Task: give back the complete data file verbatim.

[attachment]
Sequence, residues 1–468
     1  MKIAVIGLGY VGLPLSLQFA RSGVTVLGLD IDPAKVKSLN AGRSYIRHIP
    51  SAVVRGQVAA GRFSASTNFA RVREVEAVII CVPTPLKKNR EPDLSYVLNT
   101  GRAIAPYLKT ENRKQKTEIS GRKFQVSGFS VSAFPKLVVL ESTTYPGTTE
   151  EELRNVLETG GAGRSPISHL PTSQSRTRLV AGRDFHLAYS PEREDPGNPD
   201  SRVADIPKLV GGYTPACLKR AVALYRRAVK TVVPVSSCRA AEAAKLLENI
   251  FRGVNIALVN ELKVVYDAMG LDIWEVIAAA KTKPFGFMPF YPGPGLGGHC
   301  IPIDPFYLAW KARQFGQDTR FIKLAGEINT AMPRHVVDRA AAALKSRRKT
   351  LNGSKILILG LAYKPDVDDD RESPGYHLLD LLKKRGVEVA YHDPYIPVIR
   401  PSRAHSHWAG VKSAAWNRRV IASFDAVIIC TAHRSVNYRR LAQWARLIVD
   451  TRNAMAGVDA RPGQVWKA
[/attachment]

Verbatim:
Sequence, residues 1–468
     1  MKIAVIGLGY VGLPLSLQFA RSGVTVLGLD IDPAKVKSLN AGRSYIRHIP
    51  SAVVRGQVAA GRFSASTNFA RVREVEAVII CVPTPLKKNR EPDLSYVLNT
   101  GRAIAPYLKT ENRKQKTEIS GRKFQVSGFS VSAFPKLVVL ESTTYPGTTE
   151  EELRNVLETG GAGRSPISHL PTSQSRTRLV AGRDFHLAYS PEREDPGNPD
   201  SRVADIPKLV GGYTPACLKR AVALYRRAVK TVVPVSSCRA AEAAKLLENI
   251  FRGVNIALVN ELKVVYDAMG LDIWEVIAAA KTKPFGFMPF YPGPGLGGHC
   301  IPIDPFYLAW KARQFGQDTR FIKLAGEINT AMPRHVVDRA AAALKSRRKT
   351  LNGSKILILG LAYKPDVDDD RESPGYHLLD LLKKRGVEVA YHDPYIPVIR
   401  PSRAHSHWAG VKSAAWNRRV IASFDAVIIC TAHRSVNYRR LAQWARLIVD
   451  TRNAMAGVDA RPGQVWKA